On this Mother’s Day, here’s one example of what support for venting can look like: Whack Weezer – The healing power of humor here is awesome!

Look for Signs of Deeper Distress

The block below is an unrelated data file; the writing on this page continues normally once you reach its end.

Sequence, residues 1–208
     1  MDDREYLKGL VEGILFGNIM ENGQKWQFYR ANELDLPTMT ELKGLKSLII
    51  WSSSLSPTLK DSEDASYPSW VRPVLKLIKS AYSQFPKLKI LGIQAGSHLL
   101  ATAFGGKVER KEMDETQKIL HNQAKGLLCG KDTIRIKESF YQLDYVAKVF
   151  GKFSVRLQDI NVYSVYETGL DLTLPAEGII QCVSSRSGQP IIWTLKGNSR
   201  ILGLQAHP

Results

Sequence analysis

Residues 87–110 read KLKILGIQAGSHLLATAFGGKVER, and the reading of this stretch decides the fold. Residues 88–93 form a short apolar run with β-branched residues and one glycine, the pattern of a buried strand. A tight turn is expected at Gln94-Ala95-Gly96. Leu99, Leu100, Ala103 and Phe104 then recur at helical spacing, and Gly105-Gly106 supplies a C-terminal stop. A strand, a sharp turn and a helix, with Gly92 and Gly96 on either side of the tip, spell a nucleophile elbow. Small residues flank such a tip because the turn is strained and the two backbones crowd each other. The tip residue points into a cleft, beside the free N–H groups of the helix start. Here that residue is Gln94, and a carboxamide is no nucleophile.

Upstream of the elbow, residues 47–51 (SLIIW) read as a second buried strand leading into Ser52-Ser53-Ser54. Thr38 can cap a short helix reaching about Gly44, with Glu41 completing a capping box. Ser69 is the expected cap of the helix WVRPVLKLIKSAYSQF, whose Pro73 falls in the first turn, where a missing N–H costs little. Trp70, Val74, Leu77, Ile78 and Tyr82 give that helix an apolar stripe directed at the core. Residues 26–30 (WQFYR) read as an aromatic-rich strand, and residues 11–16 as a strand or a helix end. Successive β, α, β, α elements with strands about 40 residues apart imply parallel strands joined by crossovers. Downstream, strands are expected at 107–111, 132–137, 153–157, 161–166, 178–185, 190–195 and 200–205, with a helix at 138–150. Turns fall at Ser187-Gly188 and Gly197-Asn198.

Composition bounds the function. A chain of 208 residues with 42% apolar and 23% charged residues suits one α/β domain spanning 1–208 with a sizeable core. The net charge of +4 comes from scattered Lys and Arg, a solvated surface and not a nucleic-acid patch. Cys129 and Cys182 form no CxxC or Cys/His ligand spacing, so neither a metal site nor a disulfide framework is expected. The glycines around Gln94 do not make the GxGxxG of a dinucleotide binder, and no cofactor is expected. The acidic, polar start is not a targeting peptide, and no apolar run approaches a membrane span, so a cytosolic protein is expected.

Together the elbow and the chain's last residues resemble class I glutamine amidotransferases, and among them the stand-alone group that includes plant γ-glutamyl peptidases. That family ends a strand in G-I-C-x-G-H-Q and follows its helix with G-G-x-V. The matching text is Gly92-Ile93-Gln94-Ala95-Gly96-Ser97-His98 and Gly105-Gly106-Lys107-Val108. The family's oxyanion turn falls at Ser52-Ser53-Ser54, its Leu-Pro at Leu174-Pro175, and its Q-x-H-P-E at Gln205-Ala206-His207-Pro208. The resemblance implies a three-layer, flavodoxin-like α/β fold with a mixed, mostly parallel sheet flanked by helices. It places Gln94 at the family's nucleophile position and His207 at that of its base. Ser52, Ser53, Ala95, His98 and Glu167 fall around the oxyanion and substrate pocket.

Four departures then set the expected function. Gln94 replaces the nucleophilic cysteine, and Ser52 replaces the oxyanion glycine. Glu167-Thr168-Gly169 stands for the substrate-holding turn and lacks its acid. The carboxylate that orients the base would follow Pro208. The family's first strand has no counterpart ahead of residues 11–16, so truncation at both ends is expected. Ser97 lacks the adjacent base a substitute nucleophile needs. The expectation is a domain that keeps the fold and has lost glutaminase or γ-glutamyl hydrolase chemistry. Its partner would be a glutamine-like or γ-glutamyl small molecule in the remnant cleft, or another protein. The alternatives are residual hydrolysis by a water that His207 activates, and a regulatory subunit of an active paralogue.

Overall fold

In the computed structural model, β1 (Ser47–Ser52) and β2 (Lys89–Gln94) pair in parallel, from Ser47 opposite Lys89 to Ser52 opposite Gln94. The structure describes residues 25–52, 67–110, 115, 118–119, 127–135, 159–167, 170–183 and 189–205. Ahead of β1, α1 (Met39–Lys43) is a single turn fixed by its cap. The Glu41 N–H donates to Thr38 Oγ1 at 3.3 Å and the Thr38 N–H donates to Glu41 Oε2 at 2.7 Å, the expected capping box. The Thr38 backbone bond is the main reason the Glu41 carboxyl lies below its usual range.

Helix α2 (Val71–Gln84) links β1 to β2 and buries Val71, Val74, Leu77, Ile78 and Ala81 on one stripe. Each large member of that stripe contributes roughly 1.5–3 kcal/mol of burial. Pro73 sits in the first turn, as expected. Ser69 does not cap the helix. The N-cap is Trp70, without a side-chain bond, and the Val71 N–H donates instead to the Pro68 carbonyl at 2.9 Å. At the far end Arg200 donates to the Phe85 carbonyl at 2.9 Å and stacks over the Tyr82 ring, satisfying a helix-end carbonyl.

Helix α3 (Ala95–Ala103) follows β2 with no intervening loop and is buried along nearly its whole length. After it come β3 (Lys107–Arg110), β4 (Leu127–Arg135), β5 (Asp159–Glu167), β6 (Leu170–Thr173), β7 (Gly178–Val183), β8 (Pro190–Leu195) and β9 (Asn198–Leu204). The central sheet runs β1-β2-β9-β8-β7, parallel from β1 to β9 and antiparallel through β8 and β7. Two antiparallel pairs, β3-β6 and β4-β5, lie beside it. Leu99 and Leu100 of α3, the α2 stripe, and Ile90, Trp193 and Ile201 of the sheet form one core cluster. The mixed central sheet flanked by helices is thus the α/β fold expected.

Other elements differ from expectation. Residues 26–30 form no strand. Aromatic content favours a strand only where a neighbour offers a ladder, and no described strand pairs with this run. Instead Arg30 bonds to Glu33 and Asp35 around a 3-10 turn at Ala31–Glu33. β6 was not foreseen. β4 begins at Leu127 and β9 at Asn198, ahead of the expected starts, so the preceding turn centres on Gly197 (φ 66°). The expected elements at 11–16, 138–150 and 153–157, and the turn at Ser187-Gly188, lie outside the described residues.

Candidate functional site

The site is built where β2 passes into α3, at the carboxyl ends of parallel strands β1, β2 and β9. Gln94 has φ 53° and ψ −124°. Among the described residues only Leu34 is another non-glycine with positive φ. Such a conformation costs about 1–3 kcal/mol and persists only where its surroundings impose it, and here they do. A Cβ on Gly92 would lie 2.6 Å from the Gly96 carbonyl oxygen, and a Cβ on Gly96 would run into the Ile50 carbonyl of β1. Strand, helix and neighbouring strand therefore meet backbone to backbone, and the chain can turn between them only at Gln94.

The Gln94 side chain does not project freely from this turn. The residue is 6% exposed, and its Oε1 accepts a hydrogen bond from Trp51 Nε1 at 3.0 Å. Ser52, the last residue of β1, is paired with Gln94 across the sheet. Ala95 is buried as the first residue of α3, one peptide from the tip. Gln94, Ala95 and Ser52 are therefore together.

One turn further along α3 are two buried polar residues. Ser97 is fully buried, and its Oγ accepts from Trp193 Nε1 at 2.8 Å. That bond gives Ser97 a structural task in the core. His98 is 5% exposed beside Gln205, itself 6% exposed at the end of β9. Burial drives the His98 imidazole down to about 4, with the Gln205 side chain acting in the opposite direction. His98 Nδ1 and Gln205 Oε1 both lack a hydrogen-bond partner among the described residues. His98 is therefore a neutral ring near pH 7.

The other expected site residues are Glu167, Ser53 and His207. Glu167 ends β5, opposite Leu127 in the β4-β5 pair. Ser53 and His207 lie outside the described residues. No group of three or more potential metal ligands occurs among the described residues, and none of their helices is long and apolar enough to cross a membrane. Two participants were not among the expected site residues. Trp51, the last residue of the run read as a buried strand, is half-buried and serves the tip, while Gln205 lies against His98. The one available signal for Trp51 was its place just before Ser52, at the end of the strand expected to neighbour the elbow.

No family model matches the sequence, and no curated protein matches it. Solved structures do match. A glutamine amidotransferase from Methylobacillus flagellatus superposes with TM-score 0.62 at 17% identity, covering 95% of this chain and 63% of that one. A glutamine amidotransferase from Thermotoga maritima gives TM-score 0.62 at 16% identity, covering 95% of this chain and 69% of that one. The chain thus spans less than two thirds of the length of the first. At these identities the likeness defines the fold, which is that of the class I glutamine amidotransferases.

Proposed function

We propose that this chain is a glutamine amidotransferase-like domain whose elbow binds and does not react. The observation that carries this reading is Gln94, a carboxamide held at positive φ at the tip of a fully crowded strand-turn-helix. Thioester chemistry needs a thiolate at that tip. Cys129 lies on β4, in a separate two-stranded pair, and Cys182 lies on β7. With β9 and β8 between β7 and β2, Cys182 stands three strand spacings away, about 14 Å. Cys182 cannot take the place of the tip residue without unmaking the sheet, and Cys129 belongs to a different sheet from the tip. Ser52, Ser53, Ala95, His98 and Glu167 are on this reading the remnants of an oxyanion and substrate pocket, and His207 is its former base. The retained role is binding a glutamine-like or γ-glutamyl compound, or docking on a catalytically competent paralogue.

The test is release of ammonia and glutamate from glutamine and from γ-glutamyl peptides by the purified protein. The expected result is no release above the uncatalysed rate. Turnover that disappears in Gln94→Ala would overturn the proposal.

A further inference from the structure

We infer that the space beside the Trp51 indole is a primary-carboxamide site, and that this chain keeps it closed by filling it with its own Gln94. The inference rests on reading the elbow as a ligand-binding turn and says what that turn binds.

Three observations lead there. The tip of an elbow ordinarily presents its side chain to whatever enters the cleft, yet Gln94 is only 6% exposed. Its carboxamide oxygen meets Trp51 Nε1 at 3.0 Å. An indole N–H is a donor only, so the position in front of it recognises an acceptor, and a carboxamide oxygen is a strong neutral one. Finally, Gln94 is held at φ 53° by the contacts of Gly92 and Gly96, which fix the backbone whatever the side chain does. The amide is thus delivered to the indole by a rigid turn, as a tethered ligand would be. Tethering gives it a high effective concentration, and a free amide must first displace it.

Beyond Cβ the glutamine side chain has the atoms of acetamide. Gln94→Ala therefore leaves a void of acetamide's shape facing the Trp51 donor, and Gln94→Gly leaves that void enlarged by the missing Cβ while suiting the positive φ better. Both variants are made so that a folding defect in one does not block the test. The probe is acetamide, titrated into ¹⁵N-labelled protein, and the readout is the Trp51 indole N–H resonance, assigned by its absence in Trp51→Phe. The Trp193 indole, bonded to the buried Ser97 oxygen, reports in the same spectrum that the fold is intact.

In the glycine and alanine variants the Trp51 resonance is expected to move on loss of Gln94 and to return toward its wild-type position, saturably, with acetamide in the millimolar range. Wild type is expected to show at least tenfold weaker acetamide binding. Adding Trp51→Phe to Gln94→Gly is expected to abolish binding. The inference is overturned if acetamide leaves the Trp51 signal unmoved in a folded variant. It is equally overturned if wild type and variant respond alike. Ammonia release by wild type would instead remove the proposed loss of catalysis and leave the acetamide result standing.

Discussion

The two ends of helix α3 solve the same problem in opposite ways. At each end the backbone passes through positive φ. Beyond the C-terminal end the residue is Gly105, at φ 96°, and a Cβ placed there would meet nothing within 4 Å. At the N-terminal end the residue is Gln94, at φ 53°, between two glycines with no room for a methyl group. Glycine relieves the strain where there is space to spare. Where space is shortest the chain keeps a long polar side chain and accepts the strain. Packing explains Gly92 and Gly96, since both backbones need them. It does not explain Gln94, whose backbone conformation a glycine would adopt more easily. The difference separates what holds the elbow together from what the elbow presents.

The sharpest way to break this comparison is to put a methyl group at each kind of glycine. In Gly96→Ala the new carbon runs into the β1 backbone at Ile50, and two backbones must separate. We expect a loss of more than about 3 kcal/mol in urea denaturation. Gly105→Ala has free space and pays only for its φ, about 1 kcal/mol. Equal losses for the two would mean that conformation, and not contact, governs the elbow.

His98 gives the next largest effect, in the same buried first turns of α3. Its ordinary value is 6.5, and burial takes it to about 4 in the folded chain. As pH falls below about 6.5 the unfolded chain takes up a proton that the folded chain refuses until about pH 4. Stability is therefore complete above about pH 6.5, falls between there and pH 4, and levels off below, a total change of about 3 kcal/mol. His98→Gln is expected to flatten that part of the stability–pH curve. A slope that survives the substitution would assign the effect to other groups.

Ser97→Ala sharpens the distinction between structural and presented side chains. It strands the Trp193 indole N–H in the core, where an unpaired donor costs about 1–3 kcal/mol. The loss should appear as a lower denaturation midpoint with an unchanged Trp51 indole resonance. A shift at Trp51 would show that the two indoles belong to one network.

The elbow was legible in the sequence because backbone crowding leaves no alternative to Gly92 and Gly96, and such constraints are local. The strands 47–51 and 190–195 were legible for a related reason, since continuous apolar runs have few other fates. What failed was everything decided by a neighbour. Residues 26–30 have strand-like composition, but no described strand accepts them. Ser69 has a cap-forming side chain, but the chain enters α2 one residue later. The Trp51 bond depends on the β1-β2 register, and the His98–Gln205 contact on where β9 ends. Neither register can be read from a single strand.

When I was deep in the heart of my Depression Stage, I knew I was depressed but I did not know I was experiencing PTSD. I fed myself comfort food, I stopped working out, and I began putting on the pounds. I stopped making the food I ate and ordered take out over and over again because it was easy and I was exhausted. If I had a friend that could have come over with an extra casserole or pre-made salad, I totally would have enjoyed that. If a friend asked me to go for a walk, I would have enjoyed that too. I might have refused to accept either in an offer ahead of time, but if the invitation to exercise or the casserole showed up at my doorstep along with the smile of a friend, I could not have refused it. Then the sit-ups are easier because the workout partner is “in my face,” in a friendly way. Then, the casserole is easier than take out because it’s already in my fridge!